Mired in strict routine and with little chance of combat, soldiers at Fort Spokane looked forward to their free time away from the base. The young men stationed at the fort were lucky to have the small town of Miles just across the river. There they could blow off steam, drink, and escape the boredom of life at the fort. Miles was the quintessential military town, with gambling, prostitution, and other shenanigans on offer.
The waters of the river flowed free, and without a dam to hold them back, the currents were much stronger than they are today. The soldiers at Ft. Spokane used a small cable ferry to make the river crossing at a narrow spot. The ferry was little more than a raft, which an operator pulled across the river using a steel cable attached to trees on either side. While the crossing was at a relatively calm point in the river, the water was still fast, cold, and deep.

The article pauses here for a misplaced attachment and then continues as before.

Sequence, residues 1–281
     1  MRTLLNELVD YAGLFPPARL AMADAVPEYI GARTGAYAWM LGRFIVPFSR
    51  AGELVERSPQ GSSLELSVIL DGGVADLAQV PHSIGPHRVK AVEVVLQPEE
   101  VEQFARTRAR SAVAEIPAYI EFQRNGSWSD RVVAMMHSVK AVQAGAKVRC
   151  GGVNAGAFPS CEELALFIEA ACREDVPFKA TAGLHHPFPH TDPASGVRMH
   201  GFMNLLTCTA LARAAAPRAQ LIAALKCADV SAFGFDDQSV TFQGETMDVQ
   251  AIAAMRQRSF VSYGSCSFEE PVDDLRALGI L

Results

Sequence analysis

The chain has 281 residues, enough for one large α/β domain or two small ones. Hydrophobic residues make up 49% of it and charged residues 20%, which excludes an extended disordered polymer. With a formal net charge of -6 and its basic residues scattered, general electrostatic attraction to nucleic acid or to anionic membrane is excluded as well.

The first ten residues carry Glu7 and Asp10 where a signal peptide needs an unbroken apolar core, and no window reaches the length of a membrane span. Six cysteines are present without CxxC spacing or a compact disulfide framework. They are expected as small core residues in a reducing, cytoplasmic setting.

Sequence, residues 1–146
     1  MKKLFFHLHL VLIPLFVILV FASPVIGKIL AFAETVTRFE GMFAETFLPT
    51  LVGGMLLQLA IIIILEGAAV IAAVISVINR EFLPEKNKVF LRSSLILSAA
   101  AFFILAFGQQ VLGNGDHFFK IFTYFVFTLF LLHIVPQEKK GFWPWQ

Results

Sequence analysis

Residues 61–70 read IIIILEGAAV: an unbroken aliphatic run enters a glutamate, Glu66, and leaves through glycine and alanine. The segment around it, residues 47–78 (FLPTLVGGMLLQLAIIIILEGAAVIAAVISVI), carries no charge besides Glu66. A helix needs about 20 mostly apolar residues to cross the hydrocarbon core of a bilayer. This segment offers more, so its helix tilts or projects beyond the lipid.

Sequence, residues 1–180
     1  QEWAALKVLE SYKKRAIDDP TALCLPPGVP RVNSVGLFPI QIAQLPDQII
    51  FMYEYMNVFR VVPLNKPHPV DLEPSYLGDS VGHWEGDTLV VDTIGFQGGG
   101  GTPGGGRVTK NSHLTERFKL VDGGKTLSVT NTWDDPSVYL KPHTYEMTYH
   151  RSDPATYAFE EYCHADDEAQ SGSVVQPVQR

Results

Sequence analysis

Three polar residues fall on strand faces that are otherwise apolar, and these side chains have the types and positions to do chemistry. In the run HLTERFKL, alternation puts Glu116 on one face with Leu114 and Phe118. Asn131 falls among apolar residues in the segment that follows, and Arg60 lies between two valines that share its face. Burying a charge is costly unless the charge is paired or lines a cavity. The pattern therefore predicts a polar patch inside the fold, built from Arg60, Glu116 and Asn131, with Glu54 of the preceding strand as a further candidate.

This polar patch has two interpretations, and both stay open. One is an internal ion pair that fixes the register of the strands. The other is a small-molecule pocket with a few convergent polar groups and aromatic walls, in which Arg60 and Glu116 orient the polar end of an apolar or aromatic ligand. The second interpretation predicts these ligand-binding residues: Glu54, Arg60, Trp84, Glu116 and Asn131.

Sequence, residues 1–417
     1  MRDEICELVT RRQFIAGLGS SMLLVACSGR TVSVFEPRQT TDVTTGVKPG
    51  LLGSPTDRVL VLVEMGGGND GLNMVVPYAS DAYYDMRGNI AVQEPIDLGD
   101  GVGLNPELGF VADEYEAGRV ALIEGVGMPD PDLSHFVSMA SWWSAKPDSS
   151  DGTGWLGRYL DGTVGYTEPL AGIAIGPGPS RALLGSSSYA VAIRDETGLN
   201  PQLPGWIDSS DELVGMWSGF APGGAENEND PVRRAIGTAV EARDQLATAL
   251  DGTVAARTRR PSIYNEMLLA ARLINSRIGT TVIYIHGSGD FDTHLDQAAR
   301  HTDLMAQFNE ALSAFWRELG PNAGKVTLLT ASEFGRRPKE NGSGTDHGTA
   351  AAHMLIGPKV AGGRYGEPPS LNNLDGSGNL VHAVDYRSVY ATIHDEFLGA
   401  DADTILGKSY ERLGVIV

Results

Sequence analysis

With drink in their bellies and an impaired ability to walk, let alone swim, more than one soldier drowned in ferry accidents. And on at least one occasion, the ferry cable broke and the water washed the ferry down the river. The wreckage of one such accident was recovered downstream, and the soldiers were buried in the Ft. Spokane cemetery.